steps.  Mrs. Benson saw him, bowed most cordially, and called his name.
Irene, turning quickly, also bowed--he thought there was a flush on her
face.  The gentleman, in the act of starting the horses, raised his hat.
King was delighted to notice that he was bald.  He had a round head,
snugly-trimmed beard slightly dashed with gray, was short and a trifle
stout--King thought dumpy.  "I suppose women like that kind of man," he
said to Mrs. Cortlandt when the carriage was out of sight.

Why not?  He has perfect manners; he knows the world--that is a great
point, I can tell you, in the imagination of a girl; he is rich; and he
is no end obliging."

"How long has he been here?"

"Several days.  They happened to come up from the Isles of Shoals
together.  He is somehow related to the Simpkinses.  There!  I've wasted
time enough on you.  I must go and see Mrs. Pendragon about a watermelon
party to Jordan Pond.  You'll see, I'll arrange something."

King had no idea what a watermelon party was, but he was pleased to think
that it was just the sort of thing that Mr. Meigs would shine in.  He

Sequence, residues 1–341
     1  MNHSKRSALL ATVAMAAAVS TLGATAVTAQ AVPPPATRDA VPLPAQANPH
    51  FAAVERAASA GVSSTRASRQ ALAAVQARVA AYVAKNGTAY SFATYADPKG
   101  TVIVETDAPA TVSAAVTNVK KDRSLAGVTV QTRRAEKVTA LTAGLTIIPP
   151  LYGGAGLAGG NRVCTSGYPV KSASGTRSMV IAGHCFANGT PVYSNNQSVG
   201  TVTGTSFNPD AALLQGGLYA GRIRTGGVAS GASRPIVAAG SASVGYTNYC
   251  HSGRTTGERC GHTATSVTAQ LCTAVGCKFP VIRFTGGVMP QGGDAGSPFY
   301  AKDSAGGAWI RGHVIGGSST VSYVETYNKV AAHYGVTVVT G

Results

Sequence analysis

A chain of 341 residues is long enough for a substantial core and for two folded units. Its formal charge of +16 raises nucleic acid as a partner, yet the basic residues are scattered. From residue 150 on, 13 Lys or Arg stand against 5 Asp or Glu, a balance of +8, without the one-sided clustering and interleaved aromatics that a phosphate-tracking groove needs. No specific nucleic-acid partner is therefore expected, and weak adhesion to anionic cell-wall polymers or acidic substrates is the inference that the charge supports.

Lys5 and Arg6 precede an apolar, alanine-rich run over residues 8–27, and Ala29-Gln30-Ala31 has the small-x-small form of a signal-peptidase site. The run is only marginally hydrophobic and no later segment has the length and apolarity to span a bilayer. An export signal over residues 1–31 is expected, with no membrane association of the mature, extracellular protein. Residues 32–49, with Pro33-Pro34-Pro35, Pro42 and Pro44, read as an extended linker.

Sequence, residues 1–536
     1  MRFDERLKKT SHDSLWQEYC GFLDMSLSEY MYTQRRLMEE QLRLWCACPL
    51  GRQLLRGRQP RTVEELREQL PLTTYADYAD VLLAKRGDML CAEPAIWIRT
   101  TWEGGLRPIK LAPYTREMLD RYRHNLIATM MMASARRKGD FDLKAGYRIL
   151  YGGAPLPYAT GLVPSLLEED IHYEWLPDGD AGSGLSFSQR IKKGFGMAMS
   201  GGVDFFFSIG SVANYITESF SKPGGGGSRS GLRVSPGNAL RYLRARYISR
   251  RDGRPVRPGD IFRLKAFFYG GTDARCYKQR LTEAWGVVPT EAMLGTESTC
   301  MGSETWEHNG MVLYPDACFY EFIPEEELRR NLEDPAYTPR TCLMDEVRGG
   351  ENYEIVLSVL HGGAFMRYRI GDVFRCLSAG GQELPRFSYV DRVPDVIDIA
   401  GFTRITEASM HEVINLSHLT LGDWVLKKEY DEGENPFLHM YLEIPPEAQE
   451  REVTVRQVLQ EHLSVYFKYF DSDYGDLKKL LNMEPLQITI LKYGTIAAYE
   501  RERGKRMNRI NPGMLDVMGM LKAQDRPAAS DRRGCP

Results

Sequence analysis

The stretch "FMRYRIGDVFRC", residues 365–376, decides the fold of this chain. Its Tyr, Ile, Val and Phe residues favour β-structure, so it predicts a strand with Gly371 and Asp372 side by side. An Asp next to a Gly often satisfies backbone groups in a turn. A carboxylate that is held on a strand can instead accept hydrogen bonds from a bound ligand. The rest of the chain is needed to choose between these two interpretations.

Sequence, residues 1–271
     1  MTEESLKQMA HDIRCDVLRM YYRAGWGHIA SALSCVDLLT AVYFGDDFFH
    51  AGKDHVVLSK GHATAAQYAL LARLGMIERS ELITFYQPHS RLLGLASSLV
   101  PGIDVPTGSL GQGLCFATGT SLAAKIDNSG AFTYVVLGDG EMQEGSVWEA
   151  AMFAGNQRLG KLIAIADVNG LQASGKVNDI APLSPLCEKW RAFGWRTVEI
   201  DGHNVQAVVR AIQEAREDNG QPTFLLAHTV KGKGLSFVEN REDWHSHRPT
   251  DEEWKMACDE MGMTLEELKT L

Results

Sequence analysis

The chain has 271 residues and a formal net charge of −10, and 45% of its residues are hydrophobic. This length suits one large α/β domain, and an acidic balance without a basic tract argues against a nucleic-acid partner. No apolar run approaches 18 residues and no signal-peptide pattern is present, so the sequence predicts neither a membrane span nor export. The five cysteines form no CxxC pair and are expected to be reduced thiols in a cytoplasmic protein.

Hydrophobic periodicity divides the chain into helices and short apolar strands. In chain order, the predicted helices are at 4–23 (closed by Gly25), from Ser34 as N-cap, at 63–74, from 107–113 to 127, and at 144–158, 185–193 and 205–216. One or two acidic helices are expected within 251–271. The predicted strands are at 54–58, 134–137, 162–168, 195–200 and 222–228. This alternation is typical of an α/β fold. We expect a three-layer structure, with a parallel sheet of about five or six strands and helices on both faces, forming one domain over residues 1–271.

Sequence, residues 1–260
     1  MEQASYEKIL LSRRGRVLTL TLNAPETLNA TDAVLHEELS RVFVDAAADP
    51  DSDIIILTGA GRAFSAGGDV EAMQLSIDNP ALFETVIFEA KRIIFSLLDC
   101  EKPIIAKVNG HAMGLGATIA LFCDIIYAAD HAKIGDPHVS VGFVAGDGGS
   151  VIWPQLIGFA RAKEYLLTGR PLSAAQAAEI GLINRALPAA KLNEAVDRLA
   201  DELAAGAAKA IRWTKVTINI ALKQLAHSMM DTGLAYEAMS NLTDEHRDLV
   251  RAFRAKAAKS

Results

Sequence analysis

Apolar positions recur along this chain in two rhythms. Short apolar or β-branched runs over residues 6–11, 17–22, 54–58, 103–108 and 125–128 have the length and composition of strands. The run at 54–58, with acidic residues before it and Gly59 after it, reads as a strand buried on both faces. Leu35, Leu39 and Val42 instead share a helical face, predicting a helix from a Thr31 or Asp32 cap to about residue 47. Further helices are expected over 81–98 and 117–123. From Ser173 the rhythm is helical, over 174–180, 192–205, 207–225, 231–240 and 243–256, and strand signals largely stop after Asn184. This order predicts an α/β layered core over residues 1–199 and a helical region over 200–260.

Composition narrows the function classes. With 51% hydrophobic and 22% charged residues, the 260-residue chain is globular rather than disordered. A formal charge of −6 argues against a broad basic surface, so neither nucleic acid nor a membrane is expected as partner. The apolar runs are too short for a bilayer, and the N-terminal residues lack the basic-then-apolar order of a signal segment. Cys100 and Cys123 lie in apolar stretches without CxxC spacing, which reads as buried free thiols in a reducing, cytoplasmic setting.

said to himself that he hated dilettante snobs.  His bitter reflections
were interrupted by the appearance of Miss Lamont and the artist, and
with them Mr. Benson.  The men shook hands with downright heartiness.
Here is a genuine man, King was thinking.

"Yes.  We are still at it," he said, with his humorous air of
resignation.  "I tell my wife that I'm beginning to understand how old
Christian felt going through Vanity Fair.  We ought to be pretty near the
Heavenly Gates by this time.  I reckoned she thought they opened into
Newport.  She said I ought to be ashamed to ridicule the Bible.  I had to
have my joke.  It's queer how different the world looks to women."

"And how does it look to men?" asked Miss Lamont.

"Well, my dear young lady, it looks like a good deal of fuss, and
tolerably large bills."

"But what does it matter about the bills if you enjoy yourself?"

"That's just it.  Folks work harder to enjoy themselves than at anything
else I know.  Half of them spend more money than they can afford to, and
keep under the harrow all the time, just because they see others spend

"I saw your wife and daughter driving away just now," said King, shifting
the conversation to a more interesting topic.

"Yes.  They have gone to take a ride over what they call here the
Cornneechy.  It's a pretty enough road along the bay, but Irene says it's
about as much like the road in Europe they name it from as Green Mountain